“You have a great opportunity to increase your visitor count from all over the world, as your government is committed to doing. From all indications, your government officials are very much aware of Bali’s potential and it appears it is determined to do just that.”

The priority for the Bali government was to put together a properly funded promotional campaign to compete with countries that spend many millions of dollars advertising themselves abroad, said Anderson, who in his 70s shows no sign of slowing down anytime soon.

News of the Hawaiian native’s plans for Bali come amid a large influx of foreign investment into the island. Last week Doha-based Qatar Airways opened a new route to Bali, the first airline in the Middle Eastern region to do so. It’s chief, Akbar Al Baker, told The Times in an interview last week that “Bali is a very interesting destination for tourists” from his country and others in the region. Meanwhile, luxury villa resorts continue to open on an almost monthly basis. The Kamaya in Seminyak, part of The Royal Collection that includes The Samaya, was launched last Friday, while in the same area, which is undergoing a dramatic transformation, the ultra-luxurious C151 Resort Seminyak will be officially opened on Sunday, April 8.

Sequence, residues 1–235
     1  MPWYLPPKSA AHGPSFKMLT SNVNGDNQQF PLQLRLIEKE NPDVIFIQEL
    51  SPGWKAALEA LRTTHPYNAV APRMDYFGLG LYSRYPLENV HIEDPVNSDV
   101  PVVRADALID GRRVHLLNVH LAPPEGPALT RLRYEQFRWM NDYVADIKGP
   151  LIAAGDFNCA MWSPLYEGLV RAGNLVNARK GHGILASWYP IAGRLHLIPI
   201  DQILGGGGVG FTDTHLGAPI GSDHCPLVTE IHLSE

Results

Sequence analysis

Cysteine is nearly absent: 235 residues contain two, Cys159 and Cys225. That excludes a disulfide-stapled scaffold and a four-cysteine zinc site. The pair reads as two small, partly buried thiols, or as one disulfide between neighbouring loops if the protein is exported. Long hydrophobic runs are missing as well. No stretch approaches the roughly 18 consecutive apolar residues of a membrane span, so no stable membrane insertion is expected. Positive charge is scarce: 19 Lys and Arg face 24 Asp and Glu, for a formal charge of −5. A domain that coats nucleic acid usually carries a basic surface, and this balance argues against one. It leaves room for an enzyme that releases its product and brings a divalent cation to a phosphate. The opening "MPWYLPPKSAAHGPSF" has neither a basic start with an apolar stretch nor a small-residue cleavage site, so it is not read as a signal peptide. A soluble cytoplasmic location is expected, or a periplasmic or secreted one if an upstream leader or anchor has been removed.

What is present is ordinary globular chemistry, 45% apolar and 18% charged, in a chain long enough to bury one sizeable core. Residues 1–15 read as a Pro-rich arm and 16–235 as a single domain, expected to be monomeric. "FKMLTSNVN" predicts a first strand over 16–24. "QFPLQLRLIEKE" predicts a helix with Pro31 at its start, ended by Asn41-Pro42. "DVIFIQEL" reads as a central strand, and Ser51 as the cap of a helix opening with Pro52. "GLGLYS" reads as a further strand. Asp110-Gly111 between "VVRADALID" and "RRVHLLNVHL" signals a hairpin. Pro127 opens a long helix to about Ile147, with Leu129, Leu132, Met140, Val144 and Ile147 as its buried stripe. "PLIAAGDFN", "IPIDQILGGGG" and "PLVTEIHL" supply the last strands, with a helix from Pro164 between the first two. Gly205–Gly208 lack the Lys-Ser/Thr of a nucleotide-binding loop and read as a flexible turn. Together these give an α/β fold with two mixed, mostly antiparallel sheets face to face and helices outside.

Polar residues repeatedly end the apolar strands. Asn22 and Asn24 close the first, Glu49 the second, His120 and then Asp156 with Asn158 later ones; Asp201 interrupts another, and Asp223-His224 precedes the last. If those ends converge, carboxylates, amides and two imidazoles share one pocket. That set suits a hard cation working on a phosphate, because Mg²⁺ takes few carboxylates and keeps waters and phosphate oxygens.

General manager of The Samaya Ray Clark told The Times at The Kamaya launch that there was “a lot of interest” in Bali as a destination, citing reaction from visitors to the recent ITB in Berlin, the world’s biggest travel fair, which he attended.

“People are moving away from hotels to private villas as they have their own space and privacy,” he said.

Hanno Soth, chairman of PT Hanno Bali, the developer of the C151 Resort Seminyak and others, agrees, and met with Anderson during his visit here this week.

“Andy Anderson walked into our office, asking for our input on his investment plans. Having lived in Hawaii for many years, I’m excited to see someone like Andy, who has a tremendous reputation and experience, looking to invest in Bali,” said Soth.

He said Anderson “planned a US$800 million project in Hawaii which did not get approvals. Now he’s looking to develop a handful of spectacular projects in Bali – if the government supports his investment and cuts through red tape and bureaucracy.”